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Whether teaching or researching, fungi are his trip

When most people plan a Hawaiian vacation they think of beaches, sun and luaus. Jack Rogers, professor of plant pathology and natural resource sciences, thinks fungi. 

Rogers is just returned from a spring break field trip to the islands to examine the fungi growing there.

“I absolutely love fungi,” he said. “It’s just something that really gets me going.”
 
Rogers, a 44-year member of the WSU faculty and newly appointed Regents professor, teaches classes in forest pathology and co-teaches advanced mycology and a course on fungi for undergraduate, nonscience majors.
 
“Teaching and research go hand in hand,” he said. “There is a bit of a ham in me, and I like teaching students from freshmen to Ph.D. candidates.” 

Rogers is a well-known researcher to boot. He is author of more than 200 journal articles, many book chapters and a book. He received a WSU Sahlin award for research, scholarship and the arts, and he is the 2006 Eminent Faculty Award winner. The Mycological Society of America presented him with the Distinguished Mycologist Award and the W.H. Weston award for teaching excellence.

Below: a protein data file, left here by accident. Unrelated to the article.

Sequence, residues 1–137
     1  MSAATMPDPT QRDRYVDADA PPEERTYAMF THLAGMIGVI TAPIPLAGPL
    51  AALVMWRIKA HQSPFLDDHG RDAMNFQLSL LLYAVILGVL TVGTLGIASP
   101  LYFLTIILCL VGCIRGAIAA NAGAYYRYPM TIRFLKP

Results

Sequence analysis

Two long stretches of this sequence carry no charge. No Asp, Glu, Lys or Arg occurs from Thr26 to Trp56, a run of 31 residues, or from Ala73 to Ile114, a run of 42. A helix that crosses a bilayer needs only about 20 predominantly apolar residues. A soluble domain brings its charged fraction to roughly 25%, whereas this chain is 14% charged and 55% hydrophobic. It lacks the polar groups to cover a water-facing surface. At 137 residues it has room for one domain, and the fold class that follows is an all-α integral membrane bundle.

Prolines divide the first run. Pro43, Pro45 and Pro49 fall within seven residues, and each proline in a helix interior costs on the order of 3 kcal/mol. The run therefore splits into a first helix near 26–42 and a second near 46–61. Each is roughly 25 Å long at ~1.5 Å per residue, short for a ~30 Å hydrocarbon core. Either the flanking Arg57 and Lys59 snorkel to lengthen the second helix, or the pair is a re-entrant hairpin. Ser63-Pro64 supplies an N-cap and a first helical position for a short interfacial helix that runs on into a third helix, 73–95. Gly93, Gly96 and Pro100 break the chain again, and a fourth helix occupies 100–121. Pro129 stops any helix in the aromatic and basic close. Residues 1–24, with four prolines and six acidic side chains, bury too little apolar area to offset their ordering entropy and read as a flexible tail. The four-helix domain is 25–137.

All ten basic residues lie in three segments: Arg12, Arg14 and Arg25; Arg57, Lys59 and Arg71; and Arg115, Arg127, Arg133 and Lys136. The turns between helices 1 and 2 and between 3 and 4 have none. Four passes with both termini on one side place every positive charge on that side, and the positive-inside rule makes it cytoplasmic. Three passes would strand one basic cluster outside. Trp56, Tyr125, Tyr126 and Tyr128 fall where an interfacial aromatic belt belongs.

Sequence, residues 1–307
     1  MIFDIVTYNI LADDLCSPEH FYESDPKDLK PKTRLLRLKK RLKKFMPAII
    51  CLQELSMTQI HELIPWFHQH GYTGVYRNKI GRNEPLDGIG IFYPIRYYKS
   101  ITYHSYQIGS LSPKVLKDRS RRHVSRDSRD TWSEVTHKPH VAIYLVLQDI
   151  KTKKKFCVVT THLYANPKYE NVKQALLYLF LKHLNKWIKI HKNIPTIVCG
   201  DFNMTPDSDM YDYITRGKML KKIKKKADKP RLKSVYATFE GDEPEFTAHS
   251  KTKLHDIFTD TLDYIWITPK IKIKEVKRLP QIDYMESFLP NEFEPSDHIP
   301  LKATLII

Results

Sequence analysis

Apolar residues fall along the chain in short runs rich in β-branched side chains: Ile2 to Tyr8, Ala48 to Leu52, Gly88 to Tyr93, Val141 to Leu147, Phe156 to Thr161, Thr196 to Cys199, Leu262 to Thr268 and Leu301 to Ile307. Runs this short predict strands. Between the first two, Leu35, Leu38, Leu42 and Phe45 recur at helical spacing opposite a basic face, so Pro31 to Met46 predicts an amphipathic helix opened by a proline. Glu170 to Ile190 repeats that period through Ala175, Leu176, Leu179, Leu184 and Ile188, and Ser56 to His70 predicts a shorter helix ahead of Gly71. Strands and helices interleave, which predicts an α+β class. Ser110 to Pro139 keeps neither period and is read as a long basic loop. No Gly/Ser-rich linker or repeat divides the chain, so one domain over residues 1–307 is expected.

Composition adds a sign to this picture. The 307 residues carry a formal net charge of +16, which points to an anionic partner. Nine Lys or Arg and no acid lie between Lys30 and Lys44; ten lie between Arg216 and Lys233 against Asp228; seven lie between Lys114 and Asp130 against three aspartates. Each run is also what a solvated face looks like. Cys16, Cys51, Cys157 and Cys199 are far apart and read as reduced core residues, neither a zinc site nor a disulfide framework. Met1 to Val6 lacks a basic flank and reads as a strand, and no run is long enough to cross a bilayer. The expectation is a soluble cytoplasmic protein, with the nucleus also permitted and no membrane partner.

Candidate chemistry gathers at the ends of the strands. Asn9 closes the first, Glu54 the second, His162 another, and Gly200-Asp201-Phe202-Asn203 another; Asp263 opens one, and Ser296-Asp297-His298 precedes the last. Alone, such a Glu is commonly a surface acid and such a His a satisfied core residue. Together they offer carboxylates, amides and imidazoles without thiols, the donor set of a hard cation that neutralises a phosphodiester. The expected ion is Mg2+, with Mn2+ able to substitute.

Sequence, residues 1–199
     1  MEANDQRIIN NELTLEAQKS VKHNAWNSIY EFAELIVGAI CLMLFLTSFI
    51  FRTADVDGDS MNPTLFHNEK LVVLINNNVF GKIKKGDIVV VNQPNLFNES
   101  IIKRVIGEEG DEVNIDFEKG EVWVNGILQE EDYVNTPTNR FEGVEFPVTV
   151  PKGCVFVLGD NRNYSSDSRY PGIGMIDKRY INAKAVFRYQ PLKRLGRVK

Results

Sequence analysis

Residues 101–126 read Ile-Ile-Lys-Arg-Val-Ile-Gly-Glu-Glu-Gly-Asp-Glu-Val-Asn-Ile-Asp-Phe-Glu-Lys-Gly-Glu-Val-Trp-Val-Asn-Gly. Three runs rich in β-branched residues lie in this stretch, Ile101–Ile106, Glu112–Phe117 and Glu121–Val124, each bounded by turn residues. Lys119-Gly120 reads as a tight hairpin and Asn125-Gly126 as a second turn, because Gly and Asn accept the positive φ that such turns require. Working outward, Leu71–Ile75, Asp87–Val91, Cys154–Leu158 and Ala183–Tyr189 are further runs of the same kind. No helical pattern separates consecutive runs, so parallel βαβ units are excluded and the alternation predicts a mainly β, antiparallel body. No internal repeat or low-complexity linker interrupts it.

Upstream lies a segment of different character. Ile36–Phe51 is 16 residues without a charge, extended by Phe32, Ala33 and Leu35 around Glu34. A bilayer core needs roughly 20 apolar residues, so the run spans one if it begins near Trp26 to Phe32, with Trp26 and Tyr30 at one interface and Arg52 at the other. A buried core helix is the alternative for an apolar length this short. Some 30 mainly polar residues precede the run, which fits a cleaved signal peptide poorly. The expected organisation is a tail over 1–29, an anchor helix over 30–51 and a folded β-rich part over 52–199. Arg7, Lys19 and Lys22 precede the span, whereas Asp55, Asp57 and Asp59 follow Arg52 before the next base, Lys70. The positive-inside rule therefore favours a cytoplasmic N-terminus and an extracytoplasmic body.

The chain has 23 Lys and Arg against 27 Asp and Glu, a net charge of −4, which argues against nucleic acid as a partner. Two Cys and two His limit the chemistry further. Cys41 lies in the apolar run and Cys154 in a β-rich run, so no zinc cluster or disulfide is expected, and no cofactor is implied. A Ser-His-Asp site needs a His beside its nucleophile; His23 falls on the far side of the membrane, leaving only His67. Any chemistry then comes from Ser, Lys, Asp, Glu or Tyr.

“Nobody at WSU ever has made me do research or teach a class that I didn’t want to; I have not been pushed around here,” said Rogers. “My relationship (with the university) has been very open and cordial.” 

Rogers feels the Regents professor award is a nice nod of approval from his peers, but he will not rest on his laurels; he will continue to follow his passion.
“I consider myself to be a very lucky person — to be able to get up in the morning and be excited about work continues to be a great trip for me,” he said. “Anyone who likes what they’re doing is lucky.”

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